Eyecatching discovery

OB

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#1

chrono_war01

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#2
Beautiful animal, very gracful...and it looks like a dress tossed under water......8-)
 

bigGdelta

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#4
Beautiful, just beautiful.
 

OB

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Could be for display purposes only, to capture prey or to improve specialized locomotion/gliding... Given the 1:40000 weight ratio between the genders, it might have a specific function during mating, even. Any suggestions from the octopusologists:biggrin2:?
 

CapnNemo

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#6
Fantastic images, great find ob. :biggrin2:
 

OB

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#7
Thanks, please notice the eggs as carried/sheltered by this particular female.
 

monty

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#8
vit entre 120 et 750 metres de profondeur?

I know water conditions make it hard to judge depth sometimes, but if that's any deeper than 30m I'll eat my wetsuit. So is the claim that it's found between 120m and 750m wrong, or was this photo shoot some sort of anomaly?

She's a beauty, though, for sure...
 

OB

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Given the fact that both occasions (that I know of, anyway...) where this species was photographed at the surface involved females laden with eggs, it might be that the release of a new generation takes place higher up the watercolumn for reasons of avoiding predation or food abundance?
 

main_board

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#10
Food abundance makes sense, though I though usually cephs just released the eggs in one fasion or another and let the little ones find their way to the surface. And the colours!! That really made me question whether they were deep dwellers as they look it in other regards, but the colours are just fabulous! I know colour is not a definitive characteristic of shallower species, but wow! just Wow! Check out tolweb.org: http://tolweb.org/tree?group=Tremoctopus&contgroup=Argonautoida
for somemore really cool pictures including a series from Florida taken at about 15 m depth. Not as colourful, but still amazing. Plus that one has these two filaments coming off its web which are actually extensions of arms I. They're description says this about their vertical distribution:
"...occupy surface waters of tropical and subtropical oceans..."
Cool!

Cheers!
 

OB

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Nice avatar, main board :wink:

:cheers: Great stuff linking the Tree of Life page. It taught me something significant: that juvenile Tremoctopus have tool using skills! This type of behaviour is also known from (hermit) crabs, that will haul around a sea anemone for protection, but the wielding of Portuguese man o' war tentacles, something else again. How does it get them? Fascinating stuff....
 

erich orser

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As a huge lover of the more obscure, deep-water Cthulhoid cephs like the cirrate octopuses, vampyromorphs, and others with ridiculous webbing, I'm so happy to see these amazing photos. I had no idea anything that exotic got that close to the surface. Thank you so much for posting these! What a beautiful, beautiful creature. I'd love to swim with one. Looks bigger than I would have expected, too! Nice.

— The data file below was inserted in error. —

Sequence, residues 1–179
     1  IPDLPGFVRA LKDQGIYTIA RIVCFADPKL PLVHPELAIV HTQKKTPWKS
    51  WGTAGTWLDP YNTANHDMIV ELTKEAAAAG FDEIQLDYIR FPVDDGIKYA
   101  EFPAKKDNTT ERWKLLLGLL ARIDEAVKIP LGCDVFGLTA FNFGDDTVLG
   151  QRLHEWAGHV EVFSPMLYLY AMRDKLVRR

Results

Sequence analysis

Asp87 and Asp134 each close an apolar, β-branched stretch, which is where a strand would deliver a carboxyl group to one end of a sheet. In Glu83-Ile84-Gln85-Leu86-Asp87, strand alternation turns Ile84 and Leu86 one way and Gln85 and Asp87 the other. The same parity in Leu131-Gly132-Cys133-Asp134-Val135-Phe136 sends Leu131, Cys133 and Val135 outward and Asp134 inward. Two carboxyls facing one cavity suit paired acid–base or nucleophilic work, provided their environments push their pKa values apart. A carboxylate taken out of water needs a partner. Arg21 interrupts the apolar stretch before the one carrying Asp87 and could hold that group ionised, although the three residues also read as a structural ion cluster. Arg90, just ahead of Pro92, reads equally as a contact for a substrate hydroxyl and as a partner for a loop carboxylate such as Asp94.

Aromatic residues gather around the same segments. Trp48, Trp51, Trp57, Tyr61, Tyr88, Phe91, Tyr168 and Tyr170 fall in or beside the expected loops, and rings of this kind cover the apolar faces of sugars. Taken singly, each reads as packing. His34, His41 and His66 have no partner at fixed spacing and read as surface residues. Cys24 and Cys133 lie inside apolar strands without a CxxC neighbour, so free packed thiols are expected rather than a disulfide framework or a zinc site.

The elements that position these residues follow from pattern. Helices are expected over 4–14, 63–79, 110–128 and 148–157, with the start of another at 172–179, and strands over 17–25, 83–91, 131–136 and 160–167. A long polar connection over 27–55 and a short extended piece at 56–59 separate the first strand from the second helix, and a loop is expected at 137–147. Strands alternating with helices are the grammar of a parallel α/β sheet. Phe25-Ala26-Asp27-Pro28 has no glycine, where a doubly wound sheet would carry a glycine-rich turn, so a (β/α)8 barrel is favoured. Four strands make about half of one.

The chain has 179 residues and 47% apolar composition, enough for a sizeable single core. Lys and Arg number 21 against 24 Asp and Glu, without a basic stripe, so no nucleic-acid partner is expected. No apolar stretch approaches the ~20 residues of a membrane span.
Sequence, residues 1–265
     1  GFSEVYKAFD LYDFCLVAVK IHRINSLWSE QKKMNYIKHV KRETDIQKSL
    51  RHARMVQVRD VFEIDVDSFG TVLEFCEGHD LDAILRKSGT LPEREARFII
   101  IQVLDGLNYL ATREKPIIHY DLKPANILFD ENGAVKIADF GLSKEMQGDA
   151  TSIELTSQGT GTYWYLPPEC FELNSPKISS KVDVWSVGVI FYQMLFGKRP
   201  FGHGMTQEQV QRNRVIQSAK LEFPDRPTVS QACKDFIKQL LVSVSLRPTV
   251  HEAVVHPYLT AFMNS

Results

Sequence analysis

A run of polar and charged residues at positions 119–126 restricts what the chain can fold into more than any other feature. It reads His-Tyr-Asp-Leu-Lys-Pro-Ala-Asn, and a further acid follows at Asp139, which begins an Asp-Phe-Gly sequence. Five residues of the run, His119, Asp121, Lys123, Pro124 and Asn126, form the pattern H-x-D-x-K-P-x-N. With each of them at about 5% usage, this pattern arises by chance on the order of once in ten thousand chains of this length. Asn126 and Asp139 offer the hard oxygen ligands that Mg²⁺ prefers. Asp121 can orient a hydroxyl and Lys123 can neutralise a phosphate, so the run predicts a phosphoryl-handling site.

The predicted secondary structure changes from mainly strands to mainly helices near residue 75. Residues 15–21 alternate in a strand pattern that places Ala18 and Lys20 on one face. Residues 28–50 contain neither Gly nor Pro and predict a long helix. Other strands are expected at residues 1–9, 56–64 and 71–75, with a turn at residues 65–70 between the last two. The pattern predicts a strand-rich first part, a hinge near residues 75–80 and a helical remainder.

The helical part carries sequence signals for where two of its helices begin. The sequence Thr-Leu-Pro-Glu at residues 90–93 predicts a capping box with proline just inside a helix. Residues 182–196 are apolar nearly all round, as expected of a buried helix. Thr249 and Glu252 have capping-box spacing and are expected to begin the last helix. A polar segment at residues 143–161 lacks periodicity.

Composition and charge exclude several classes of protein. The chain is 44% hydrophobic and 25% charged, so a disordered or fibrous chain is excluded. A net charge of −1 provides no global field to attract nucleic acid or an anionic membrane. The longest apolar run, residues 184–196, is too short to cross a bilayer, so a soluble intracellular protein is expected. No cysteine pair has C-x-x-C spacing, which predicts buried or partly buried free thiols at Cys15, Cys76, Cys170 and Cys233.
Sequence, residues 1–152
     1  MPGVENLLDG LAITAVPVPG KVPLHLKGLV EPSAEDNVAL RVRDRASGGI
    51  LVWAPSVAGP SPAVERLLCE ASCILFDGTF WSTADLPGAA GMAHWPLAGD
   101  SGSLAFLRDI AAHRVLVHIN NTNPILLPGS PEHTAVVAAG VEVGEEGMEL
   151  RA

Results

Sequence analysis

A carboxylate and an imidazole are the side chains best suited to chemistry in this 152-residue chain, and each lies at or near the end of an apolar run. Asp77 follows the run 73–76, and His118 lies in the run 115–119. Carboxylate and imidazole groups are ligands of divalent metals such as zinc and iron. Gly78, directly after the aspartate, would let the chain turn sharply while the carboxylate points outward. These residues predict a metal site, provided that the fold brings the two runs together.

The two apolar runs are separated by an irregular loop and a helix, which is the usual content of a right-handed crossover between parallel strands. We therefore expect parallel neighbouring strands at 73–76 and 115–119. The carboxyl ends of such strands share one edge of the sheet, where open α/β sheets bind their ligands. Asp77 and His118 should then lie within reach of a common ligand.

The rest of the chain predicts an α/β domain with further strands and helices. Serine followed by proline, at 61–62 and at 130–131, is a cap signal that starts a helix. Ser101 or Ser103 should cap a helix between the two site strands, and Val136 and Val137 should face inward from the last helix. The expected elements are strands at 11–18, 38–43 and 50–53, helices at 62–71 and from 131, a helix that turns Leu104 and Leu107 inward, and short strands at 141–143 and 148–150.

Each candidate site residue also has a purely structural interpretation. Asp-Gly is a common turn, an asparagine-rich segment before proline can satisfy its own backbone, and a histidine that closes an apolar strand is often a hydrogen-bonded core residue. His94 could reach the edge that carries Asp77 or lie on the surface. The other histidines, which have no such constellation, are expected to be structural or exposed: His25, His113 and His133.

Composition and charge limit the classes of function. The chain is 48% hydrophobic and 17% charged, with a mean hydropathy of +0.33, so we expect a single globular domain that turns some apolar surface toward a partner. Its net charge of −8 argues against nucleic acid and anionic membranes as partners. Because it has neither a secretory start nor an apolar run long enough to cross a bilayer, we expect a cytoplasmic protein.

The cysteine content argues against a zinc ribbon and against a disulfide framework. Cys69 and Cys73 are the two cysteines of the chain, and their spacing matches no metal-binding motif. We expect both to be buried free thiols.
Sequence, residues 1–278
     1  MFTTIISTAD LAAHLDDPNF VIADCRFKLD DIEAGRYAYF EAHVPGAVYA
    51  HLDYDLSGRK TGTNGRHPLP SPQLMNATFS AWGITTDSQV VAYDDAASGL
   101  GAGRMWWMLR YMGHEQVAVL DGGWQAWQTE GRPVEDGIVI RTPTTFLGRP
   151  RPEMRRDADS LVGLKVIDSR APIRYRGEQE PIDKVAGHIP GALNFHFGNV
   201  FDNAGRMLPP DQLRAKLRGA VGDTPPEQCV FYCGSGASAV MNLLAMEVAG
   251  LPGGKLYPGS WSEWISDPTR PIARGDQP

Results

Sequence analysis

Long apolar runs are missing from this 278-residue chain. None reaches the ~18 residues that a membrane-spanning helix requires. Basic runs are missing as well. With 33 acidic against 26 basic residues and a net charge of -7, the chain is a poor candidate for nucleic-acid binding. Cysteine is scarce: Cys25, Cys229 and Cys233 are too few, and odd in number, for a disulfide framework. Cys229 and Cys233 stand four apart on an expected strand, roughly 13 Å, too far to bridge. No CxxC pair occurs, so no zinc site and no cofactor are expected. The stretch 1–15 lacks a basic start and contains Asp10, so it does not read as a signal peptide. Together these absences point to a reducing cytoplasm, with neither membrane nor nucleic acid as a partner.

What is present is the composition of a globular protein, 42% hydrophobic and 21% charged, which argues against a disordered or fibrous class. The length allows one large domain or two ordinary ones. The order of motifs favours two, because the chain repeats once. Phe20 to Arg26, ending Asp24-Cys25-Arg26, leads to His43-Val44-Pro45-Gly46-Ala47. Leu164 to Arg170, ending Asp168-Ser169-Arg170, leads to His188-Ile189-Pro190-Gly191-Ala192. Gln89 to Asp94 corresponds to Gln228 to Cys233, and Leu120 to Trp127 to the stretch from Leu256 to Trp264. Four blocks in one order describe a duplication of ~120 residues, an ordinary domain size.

:smile:
 

OB

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#14
Could someone perhaps tell me what purpose the "holes in the head" in Tremoctopus serve? :confused:

Thanks a mil'

Olaf
 

chrono_war01

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But since science keeps revising itself, I wonder about the filaments and Vampy....:hmm: ..but the again, I am no expert and is posting this in the interest of tell you guys what's happening is my tiny brain.
 

Clem

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#16
Hello ob,

:shock:

Those are remarkable photographs of a stunning animal. The shots demonstrating Tremoctopus's countershading abilities (at the surface) are very interesting. What a thrill it must have been to swim with it.

Great find.

Cheers,
Clem
 

main_board

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#17
Yeah, the pictures are so fabulous that I figured they'd make a good avatar! The tool using is really neat, read about that somewhere else to but never saw a picture of it. According to a few sources (Nesis and tolweb) during an attach on a Tremoctopus when a piece of the arm is removed a great section of the webbing tears off along certain lines. The pieces of webbing includes some of the ocellar spots and is thought to act as a screen and confuse the predator while the octo escapes. Pretty cool, eh? I have no ideas as far as the "holes" go. I would absolutely LOVE to go snorkelling with these amazing creatures. Definitely a treat!

Cheers!
 

Feelers

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#18
I'm still waiting on a pet vampiroteuthis :biggrin2:

Has anyone captured any gelatinous octos before and kept them successfully?
 

erich orser

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:vampyro: in a chilled aquarium tank... ah, bliss. This little guy seems like it might do better in captivity, but you never know...
 

chrono_war01

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#20
I bet if we all pooled some money we could force a sponser a marine bio lab to try and keep a jelly-octo (too sleepy to check real wording) or a Vampy in captivity, make a octoCAM would be nice.....*keeps on dreaming*


Sorry, I like daydreaming...:oops:
 

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